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Feds warn Arizona over medical pot

Fake marijuana is displayed in a case July 1, at The 2811 Club, a private cannabis club that plans to dispense marijuana to medically qualified patients in Phoenix. (AP Photo/Ross D. Franklin)

The federal government reiterated to Arizona that it will prosecute state workers for implementing the medical-marijuana program.

In a Feb. 16 letter to Gov. Jan Brewer, Acting U.S. Attorney Ann Birmingham Scheel said her office will continue to “vigorously enforce” federal laws against those who operate and facilitate large marijuana production facilities and marijuana production facilities involved in the selling of marijuana for medical use.

Scheel said that state employees who participate in the Arizona Medical Marijuana Act “are not immune from liability” under the federal Controlled Substances Act.

However, Scheel wrote that seriously ill patients and caregivers who use pot as medically recommended treatment “will likely not be the focus of the (U.S. Attorney’s Office’s) limited prosecutorial resources.”

Brewer spokesman Matt Benson told The Arizona Republic the governor will not change course and will allow the state’s medical marijuana program to move forward.

“This doesn’t change anything for us,” Benson said, adding that the letter “leaves most of the governor’s questions unanswered” partly because it doesn’t address whether state employees face imminent prosecution for participating in the program.

Arizona’s medical-marijuana program was created in 2010 after voters passed a law that allows people with certain debilitating medical conditions to use marijuana.

Patients must register with the state, which issues identification cards to qualified patients and caregivers. Under the law, the state will set up and regulate up to 126 dispensaries.

Arizona and 15 other states have medical-marijuana laws that conflict with federal law, which outlaws the cultivation, sale or use of marijuana. Mounting federal pressure in California, Washington and other states has led to dispensary raids and crackdowns on landlords who lease property to dispensaries.

Will Humble, director of the state Department of Health Services, said the state is in a difficult position when it comes to implementing the medical marijuana program.

On one hand, federal authorities warning there is no “safe harbor or immunity” from federal prosecution, but on the other hand a state judge has ordered them to move forward with the program.

“We’re caught between a rock and a hard place — we’re stuck,” Humble said.

No state health employees will be allowed to “volunteer” to work on the medical-pot program and no one will be forced to work on it, either, he said.

Workers will go through a series of training in how to act responsibly and safely when working on the program, Humble said.

Copyright 2014 The Associated Press. All rights reserved. This material may not be published, broadcast, rewritten, or redistributed.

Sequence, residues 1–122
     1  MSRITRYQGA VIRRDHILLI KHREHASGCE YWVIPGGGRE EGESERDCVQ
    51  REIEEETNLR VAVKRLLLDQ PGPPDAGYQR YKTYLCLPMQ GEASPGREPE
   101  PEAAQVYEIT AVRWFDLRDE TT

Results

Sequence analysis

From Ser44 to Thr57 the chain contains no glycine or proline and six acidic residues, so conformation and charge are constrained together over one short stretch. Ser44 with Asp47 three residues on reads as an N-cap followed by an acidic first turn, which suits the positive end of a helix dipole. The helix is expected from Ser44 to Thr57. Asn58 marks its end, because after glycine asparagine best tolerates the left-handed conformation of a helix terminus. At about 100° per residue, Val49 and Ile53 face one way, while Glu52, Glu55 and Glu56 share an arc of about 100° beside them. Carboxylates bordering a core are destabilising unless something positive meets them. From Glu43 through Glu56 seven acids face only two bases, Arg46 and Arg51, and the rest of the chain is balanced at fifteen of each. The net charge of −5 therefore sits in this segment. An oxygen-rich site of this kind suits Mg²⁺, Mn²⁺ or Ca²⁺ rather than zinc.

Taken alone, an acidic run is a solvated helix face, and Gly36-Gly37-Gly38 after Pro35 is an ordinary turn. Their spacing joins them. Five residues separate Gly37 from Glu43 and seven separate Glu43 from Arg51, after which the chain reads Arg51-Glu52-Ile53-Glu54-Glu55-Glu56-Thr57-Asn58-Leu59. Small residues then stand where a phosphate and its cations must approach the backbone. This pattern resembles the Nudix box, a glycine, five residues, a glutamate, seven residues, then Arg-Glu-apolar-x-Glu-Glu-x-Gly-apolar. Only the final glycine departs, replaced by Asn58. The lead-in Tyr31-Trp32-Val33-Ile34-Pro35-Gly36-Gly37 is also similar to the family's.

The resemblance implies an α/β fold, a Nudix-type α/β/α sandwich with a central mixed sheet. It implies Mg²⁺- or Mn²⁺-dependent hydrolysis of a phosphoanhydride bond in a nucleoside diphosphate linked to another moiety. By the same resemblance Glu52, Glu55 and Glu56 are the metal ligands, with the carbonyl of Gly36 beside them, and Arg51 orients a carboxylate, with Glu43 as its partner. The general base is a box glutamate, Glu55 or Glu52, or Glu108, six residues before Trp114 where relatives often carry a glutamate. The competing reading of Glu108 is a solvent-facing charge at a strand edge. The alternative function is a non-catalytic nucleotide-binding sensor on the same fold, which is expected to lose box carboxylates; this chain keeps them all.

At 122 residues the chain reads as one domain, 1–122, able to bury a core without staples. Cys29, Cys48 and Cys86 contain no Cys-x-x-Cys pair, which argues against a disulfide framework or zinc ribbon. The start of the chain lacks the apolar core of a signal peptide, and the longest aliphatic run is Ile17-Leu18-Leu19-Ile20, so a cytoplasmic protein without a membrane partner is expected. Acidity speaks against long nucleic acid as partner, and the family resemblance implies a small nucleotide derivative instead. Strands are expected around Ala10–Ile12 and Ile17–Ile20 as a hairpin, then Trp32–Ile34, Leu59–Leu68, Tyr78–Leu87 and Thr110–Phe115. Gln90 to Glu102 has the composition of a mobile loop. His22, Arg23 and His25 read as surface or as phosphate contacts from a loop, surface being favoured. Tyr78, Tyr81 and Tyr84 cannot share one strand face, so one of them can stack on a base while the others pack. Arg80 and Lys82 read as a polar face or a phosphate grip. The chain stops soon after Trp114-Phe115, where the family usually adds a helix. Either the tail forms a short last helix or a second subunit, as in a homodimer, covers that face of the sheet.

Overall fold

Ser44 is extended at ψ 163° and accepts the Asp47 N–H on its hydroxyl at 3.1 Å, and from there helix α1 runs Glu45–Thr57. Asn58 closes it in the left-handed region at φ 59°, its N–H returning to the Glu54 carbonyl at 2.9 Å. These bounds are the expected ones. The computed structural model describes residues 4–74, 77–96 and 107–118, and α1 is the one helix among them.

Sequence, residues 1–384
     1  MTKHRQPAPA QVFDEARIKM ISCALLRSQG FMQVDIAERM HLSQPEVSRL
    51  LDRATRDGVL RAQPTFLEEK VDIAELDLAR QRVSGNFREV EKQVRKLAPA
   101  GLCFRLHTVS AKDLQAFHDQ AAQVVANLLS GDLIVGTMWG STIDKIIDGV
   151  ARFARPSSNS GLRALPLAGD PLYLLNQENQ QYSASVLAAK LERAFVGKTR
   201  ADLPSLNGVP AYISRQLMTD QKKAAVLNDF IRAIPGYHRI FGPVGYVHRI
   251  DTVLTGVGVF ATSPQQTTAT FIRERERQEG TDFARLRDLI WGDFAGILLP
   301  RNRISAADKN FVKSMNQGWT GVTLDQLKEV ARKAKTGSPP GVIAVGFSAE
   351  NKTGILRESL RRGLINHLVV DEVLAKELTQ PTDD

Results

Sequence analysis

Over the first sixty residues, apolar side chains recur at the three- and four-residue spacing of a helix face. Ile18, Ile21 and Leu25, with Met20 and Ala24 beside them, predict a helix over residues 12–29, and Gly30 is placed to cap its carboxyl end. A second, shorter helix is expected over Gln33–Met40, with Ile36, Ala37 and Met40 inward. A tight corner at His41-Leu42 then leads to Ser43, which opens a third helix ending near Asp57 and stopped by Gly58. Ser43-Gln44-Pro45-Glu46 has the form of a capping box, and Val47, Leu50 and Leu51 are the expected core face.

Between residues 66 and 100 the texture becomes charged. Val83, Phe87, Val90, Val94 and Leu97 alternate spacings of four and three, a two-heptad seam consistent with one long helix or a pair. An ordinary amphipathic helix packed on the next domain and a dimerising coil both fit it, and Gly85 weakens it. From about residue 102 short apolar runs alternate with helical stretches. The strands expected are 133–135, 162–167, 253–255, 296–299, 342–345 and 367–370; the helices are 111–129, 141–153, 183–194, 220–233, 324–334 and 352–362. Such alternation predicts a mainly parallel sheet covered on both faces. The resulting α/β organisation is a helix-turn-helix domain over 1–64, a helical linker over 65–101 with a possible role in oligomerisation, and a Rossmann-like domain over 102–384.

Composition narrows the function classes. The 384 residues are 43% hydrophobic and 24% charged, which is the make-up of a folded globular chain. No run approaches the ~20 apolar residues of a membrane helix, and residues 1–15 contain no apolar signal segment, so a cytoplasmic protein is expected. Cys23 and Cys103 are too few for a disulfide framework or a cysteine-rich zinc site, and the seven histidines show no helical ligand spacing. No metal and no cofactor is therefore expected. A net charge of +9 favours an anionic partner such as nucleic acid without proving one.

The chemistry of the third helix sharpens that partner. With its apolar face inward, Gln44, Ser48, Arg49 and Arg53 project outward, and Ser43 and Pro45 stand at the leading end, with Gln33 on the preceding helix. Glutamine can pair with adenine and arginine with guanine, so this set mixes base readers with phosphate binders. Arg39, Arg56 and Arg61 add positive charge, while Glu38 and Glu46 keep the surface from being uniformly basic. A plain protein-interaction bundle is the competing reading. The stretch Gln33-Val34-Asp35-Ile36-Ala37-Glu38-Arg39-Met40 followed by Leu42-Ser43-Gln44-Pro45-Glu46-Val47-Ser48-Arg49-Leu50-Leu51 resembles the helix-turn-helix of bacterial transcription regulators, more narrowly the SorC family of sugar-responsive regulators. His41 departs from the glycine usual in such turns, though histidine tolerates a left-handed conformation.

4 comments

  1. From a patient in Montana to Arizona: PLEASE DO NOT LET THE FEDS PUSH YOU AROUND! Stand your ground! Fly under the radar but stand up for your right to a healthy body!

    What is being done is bullying, plain and simple. This is coming to a head and we are all on the cusp of history. Share your experiences! Spread the word! Join forces with other patients/caregivers/advocates/supporters. The time for silence around this issue is gone and we must stand up to the hypocrites who have PATENTED CANNABINOIDS, who GIVE CANNABIS TO FEDERAL PATIENTS, yet claim this is not medicine.

    YOUR TIME IS UP, USA/DEA/NIH/NIDA and the dominoes are falling! You are at the end and can either step aside, join us, or be crushed by the last one – and that last one is in sight!

  2. Alcohol prohibition didn’t work, why should marijuana prohibition be any more successful? On May 4, 1923, The New York State legislature repealed the Mullan-Gage Act, which had incorporated the provisions of Prohibition into state law. The repeal placed the main burden of enforcing Prohibition on about 250 federal agents instead of 25,000 state and local officers. In much of the state Prohibition would effectively be dead except as an excuse to collect graft. New York was not the first state to repeal its enforcement laws, but as the nation’s most populous state, it carried the greatest weight. Source: americanheritage.com

  3. Prohibition has finally run its course; the lives and livelihoods of tens of millions of Americans have been destroyed or severely disrupted; what was once a shining beacon of liberty and prosperity has become a toxic, repressive, smoldering heap of hypocrisy and a gross affront to fundamental human decency. It is now the duty of every last one of us to insure that the people who are responsible for this shameful situation are not simply left in peace to enjoy the wealth and status that their despicable actions have, until now, afforded them. Former and present Prohibitionists must not be allowed to remain “untainted and untouched” from the unconscionable acts that they have viciously committed on their fellow citizens. – They have provided us with neither safe communities nor safe streets; we will provide them with neither a safe haven to enjoy their ill-gotten gains nor the liberty to repeat such a similar atrocity!

    Prohibition has evolved local gangs into transnational enterprises with intricate power structures that reach into every corner of society, helping them control vast swaths of territory while gifting them with significant social and military resources.

    Those responsible shall not go unpunished!

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